A recent paper on the role of schools in preventing hate and bias quotes the following statistics from the U.S. Department of Education Office of Civil Rights: “Although they comprised only 15 percent of student enrollment, 19 percent of Black students reported being harassed or bullied on the basis of sex, 35 percent reported being harassed on the basis of race, and 17 percent reported being harassed on the basis of disability.”5 Additionally, a recently published article found that Black youth experience five incidents of racial discrimination and harassment on average daily (e.g., microaggressions, racial teasing and vicarious experiences of discrimination online), and that these experiences are linked to negative health outcomes.6 Promising research suggests that targeting beliefs and assumptions about different groups offer promising pathways to reducing bullying victimization and perpetration.5,7 But research on preventing bullying and harassment specifically targeted at non-white, religious minority, LGBTQIA and immigrant youth is scarce.
Being called the N-word was by the far the most overt and aggressive act of discrimination I experienced in my youth, but it wasn’t an isolated incident. From being teased about the way I talk to being told I was pretty for a Black girl, anti-blackness and racial prejudice were common experiences for me. Bullying prevention campaigns and social-emotional learning programs that teach social awareness and responsible decision-making have the potential to provide space for youth to engage in productive discourse about the world around them. But racial and minority bias must be a part of the conversation if we expect to have a positive impact on the lives of youth. And to develop truly effective programs that allow all students to thrive, continued research and advocacy efforts with a clear focus on addressing racial bias and prejudice must become a priority.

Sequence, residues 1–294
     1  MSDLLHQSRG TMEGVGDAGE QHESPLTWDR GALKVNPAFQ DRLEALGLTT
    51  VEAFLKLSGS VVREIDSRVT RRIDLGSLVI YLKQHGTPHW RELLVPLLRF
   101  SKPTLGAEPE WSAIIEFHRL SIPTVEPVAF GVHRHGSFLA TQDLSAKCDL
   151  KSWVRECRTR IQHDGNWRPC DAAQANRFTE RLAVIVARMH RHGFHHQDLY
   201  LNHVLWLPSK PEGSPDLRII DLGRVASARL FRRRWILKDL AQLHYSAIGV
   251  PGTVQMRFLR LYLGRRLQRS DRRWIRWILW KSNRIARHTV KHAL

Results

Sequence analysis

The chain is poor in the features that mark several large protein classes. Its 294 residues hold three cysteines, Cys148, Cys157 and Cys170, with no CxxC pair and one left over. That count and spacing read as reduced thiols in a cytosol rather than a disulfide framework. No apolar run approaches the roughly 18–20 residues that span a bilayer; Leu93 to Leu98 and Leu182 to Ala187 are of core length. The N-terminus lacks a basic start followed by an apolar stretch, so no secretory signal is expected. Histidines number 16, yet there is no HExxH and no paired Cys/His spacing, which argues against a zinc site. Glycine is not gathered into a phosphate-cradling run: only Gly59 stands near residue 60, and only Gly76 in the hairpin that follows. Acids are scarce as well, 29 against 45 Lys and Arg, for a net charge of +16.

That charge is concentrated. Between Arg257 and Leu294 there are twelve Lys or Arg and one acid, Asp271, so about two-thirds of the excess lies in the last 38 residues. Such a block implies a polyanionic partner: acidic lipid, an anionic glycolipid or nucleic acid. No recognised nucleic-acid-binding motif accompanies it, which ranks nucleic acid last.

1Southern Poverty Law Center, (2018). Hate at School.
2Huang, F. L., & Cornell, D. G. (2019). School teasing and bullying after the presidential election. Educational Researcher, 48(2), 69–83.
3Green, J. G., Holt, M. K., Oblath, R., & Furlong, M. J. (2019). Bullying and Bystander Behaviors. In Handbook of Student Engagement Interventions (pp. 217-230). Academic Press.
Huang, F. L., & Cornell, D. G. (2019). School teasing and bullying after the presidential election. Educational Researcher, 48(2), 69-83.
4Benner, A. D., Wang, Y., Shen, Y., Boyle, A. E., Polk, R., & Cheng, Y. P. (2018). Racial/ethnic discrimination and well-being during adolescence: A meta-analytic review. American Psychologist, 73(7), 855.
5Losinski, M., Ennis, R., Katsiyannis, A., & Rapa, L. J. (2019). Schools as Change Agents in Reducing Bias and Discrimination: Shaping Behaviors and Attitudes. Journal of Child and Family Studies, 1–9.
6English, D., Lambert, S. F., Tynes, B. M., Bowleg, L., Zea, M. C., & Howard, L. C. (2020). Daily multidimensional racial discrimination among Black U.S. American adolescents. Journal of Applied Developmental Psychology, 66, 101068.
7Espelage, D. L., Basile, K. C., Leemis, R. W., Hipp, T. N., & Davis, J. P. (2018). Longitudinal examination of the bullying-sexual violence pathway across early to late adolescence: Implicating homophobic name-calling. Journal of Youth and Adolescence, 47(9), 1880–1893.